Addressing Mental Health Workforce Needs in Underserved Rural Areas: Accomplishments and Challenges


Reviews efforts to address mental health workforce needs in underserved rural areas and addresses three questions: 1) How is health and mental health workforce adequacy currently measured? 2) How do unique characteristics of rural communities and the mental health service delivery system challenge current methods for determining workforce adequacy? 3) What role has the federal government played in addressing health and mental health workforce needs in underserved rural areas? Finds that current workforce adequacy measurements all focus on physicians and are limited by the lack of a commonly accepted way to obtain needed data and by widely varying estimates of adequate population-to-provider ratios. In addition, the pluralistic and minimally coordinated nature of the mental health services system makes it difficult to translate methods for estimating workforce adequacy from health to mental health. Finally, there are several federal efforts to address workforce needs that foster training, provide scholarships, fund demonstration programs, and allow foreign medical graduates to serve in underserved areas. Makes several recommendations pertaining to the collection of data, field-testing of estimation models, and increasing the supply of mental health service providers.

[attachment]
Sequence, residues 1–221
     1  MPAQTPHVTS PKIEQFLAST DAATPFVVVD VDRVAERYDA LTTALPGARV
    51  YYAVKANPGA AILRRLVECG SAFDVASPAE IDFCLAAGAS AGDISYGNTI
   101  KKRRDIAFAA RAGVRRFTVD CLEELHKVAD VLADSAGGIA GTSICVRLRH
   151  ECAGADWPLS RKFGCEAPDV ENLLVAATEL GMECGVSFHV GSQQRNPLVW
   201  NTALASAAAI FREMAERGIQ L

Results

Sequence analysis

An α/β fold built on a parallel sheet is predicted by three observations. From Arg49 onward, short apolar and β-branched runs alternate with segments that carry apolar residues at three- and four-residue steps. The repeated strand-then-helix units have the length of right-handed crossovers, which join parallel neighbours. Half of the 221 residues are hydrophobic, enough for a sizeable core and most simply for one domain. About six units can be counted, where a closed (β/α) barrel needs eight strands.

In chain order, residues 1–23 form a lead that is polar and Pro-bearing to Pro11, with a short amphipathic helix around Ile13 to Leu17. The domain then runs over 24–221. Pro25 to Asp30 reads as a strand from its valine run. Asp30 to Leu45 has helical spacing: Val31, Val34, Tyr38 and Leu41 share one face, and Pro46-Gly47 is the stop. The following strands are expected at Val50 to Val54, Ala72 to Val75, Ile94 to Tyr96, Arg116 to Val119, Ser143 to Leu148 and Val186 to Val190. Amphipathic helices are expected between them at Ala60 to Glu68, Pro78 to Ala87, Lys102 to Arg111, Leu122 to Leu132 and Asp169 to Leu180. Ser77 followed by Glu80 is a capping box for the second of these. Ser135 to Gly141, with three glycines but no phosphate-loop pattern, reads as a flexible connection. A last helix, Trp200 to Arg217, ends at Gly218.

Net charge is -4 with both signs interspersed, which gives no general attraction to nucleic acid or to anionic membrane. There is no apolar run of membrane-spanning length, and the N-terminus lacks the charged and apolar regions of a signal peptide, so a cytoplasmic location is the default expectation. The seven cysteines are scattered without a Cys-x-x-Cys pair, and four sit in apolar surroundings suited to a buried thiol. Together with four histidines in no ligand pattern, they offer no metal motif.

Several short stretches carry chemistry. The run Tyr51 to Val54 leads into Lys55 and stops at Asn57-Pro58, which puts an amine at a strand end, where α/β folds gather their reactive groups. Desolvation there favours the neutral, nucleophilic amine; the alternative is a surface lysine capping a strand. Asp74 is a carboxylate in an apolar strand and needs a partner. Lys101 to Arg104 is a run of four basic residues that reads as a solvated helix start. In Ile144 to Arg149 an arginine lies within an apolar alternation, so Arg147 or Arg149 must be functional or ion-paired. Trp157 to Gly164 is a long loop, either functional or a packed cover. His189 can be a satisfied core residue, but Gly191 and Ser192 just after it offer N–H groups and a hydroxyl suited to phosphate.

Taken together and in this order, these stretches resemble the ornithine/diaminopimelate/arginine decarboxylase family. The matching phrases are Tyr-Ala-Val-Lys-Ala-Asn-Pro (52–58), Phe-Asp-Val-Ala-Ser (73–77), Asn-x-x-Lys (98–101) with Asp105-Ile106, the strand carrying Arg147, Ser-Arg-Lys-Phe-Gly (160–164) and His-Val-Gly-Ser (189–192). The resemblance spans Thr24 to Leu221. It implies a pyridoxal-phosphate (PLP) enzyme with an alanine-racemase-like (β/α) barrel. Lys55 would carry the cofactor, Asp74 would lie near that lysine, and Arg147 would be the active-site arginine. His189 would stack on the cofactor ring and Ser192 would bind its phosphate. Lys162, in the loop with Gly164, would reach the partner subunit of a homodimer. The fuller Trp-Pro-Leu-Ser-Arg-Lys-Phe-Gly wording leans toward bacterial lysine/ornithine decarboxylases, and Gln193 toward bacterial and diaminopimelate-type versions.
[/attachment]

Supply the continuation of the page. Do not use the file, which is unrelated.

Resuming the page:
Maine Rural Health Research Center
Donna Bird, Patricia Dempsey, David Hartley